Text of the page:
Mere Lal (lit. My Son) is a 1966 Indian Hindi-language drama film directed by Satyen Bose and produced by Jyotsna Sen. It is a remake of the Bengali film Badshah. The film stars Dev Kumar, Indrani Mukherjee and Mala Sinha. It focuses on a stonehearted dacoit who, when thrust with the responsibility of bringing up a lost child he finds on a riverbank, mends his ways and becomes an honest wage-earner.
|Directed by||Satyen Bose|
|Produced by||Jyotsna Sen|
|Edited by||Mukhtar Ahmed|
S. S. Chitra Mandir
Badshah is a stonehearted dacoit. One day he goes to rob a house, but the arrival of the police forces him to flee. He hides at a place where he finds a girl named Jamna kidnapped and tied; he rescues the girl, who works as a street dancer. Jamna develops an immediate liking for Badshah, despite knowing his profession. One day, Badshah sees one of his enemies and pursues him on a small boat in the Ganges. But the boat drowns in the flood. Badshah survives and finds a young boy crying at the shore. The boy was trapped in the flood and actually belonged to a married couple of the village. Badshah cannot bring himself to leave the boy alone, so he takes the boy. He goes to Jamna to give her the child so that she can take care of him. But she refuses, thinking the child is Badshah's son. Badshah takes responsibility of the child who he names Bacchu.
Developing a deep attachment towards Bachhu, Badshah redeems himself by abandoning dacoity. Elsewhere, Bacchu's biological mother Madhu is grief-stricken at having lost her only child. Badshah begins making a living by singing and dancing on the streets. Ten years later, he falls ill one day and Bacchu goes to sing alone, at which point he meets his mother. Both Madhu and her husband recognise Bachhu as their son by his locket. They go to Badshah to seek permission for taking Bacchu along with them. After initial hesitation, Badshah assents so that Bacchu can have a better home and education. But both Badshah and Bacchu are really sad to have parted from each other. Badshah falls ill and his condition seriously deteriorates. Bacchu flees from his home to meet Badshah, but by the time he arrives, Badshah has already died.
Mere Lal, a remake of the Bengali film Badshah, was directed by Satyen Bose and produced by Jyotsna Sen under S. S. Chitra Mandir. It was edited by Mukhtar Ahmed, and photographed by Marshall Braganza.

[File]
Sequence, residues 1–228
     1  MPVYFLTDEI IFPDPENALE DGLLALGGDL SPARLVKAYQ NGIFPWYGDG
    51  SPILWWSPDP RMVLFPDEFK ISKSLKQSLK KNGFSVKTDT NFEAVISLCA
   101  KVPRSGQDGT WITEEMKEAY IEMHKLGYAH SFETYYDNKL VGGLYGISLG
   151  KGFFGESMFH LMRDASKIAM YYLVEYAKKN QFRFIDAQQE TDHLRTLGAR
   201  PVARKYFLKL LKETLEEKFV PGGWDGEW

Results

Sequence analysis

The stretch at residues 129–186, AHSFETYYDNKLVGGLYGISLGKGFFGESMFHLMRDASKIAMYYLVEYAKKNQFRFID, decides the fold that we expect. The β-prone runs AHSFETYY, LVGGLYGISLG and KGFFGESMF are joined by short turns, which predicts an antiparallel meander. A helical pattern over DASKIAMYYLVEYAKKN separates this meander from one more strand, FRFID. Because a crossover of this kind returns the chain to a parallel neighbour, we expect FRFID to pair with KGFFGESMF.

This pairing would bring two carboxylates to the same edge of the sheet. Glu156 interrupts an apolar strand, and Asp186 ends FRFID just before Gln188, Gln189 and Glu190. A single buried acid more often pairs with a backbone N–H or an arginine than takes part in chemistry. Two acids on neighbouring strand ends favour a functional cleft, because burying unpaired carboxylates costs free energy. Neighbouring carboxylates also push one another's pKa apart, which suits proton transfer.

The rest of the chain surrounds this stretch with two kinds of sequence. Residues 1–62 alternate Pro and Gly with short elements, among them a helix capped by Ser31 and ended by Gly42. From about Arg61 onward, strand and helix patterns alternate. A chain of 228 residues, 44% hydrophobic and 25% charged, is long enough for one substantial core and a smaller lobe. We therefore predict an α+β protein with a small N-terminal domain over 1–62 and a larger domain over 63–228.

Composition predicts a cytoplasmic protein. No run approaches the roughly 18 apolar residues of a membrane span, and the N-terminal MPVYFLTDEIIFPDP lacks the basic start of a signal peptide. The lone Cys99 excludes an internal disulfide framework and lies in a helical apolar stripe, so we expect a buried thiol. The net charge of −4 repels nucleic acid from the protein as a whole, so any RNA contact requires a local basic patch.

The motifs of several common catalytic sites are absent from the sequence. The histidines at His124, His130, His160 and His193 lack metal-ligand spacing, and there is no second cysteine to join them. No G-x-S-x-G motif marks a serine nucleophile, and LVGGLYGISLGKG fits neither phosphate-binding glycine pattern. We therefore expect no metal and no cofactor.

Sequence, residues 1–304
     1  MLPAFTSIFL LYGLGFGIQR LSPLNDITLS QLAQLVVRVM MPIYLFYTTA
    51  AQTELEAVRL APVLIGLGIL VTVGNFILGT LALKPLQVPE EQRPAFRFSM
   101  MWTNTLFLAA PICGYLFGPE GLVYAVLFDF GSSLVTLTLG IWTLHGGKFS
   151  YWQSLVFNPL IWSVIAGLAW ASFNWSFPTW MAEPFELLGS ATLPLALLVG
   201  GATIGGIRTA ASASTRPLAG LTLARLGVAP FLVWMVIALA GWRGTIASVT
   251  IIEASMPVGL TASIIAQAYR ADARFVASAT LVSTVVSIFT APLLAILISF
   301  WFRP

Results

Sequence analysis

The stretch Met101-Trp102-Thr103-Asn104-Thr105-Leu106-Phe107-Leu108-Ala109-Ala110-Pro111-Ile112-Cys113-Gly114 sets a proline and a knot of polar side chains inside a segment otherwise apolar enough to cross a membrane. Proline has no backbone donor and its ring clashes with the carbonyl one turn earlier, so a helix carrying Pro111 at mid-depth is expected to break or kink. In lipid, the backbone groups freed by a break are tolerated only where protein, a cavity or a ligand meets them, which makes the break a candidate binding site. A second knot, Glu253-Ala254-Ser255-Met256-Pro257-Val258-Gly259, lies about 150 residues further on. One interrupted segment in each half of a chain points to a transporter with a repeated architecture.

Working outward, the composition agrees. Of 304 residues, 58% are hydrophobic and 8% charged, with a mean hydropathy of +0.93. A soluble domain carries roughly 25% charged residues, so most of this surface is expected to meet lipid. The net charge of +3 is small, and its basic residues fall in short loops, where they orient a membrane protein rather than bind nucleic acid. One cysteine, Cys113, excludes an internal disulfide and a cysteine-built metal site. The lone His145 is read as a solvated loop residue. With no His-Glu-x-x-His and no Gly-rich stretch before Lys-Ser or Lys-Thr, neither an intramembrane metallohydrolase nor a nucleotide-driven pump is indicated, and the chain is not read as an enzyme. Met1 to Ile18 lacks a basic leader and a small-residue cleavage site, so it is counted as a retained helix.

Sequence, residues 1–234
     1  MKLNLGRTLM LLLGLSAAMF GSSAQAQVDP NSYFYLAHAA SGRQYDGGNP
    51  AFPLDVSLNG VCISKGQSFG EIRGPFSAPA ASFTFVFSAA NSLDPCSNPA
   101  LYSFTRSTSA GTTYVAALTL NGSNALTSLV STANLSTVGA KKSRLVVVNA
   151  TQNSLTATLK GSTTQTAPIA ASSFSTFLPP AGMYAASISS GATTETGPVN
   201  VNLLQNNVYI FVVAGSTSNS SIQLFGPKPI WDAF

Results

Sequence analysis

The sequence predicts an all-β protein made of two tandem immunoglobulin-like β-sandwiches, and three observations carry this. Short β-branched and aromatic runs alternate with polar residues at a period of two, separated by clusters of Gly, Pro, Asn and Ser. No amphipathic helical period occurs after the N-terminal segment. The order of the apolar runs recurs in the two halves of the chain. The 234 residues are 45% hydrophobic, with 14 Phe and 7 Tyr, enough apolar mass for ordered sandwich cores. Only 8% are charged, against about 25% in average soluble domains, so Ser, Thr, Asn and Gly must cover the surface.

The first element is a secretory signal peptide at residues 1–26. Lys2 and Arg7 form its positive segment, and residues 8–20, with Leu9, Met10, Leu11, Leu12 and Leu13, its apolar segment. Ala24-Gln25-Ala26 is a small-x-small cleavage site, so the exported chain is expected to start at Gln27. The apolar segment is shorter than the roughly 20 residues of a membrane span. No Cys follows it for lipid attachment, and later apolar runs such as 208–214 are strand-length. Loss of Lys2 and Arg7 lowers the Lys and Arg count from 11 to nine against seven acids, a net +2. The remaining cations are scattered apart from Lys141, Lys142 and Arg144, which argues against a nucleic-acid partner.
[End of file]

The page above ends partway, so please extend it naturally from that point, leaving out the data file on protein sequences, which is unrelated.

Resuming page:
The soundtrack was composed by the duo Laxmikant–Pyarelal.
|1.||"Yeh Kahte Hai Baba Mere"||Lata Mangeshkar||3:22|
|2.||"Lal Tera Yug Yug Jiye Mata"||Lata Mangeshkar||3:27|
|3.||"Meri Patli Qamar Lambe Baal"||Lata Mangeshkar||3:30|
|4.||"Jab Tak Yeh Sansar Nachaye"||Usha Mangeshkar, Mukesh||3:31|
|5.||"Payal Ki Jhankar Raste Raste"||Lata Mangeshkar||3:33|
|6.||"Badal Roye Naina Roye"||Lata Mangeshkar||3:35|
Release and reception
K. L. Arora of the magazine Thought wrote, "Though it is not as tear-strung a film as [Bose's] other productions, yet Mere Lal has a few poignant moments which would melt the tears of the stone-hearted among the audience." He praised the performance of Kumar as Badshah but criticised Braganza's cinematography, and a scene where a doctor prescribes a water-soaked cloth massage on the forehead of a pneumonia patient, saying "Not even a quack would do that." The film was commercially successful.
- "Mere Lal - 3AEX 5098 - (Condition - 70-75%) - Cover Colour Photostate - Angel First Pressing - LP Record". NGH. Retrieved 6 January 2019.
- Mere Lal (motion picture) (in Hindi). S. S. Chitra Mandir. 1966. Opening credits, from 0:00 to 2:00.
- "Mere Lal". JioSaavn. Retrieved 6 January 2019.
- Arora, K. L. (30 July 1966). "Cinema | Mere Lal (My Son)". Thought. Siddhartha Publications. pp. 20, 22.
- Sathe, V. P. (1967). "Foreign Locales in Hindi films (with both eyes on the box-office)". Film World. Vol. 3. p. 155.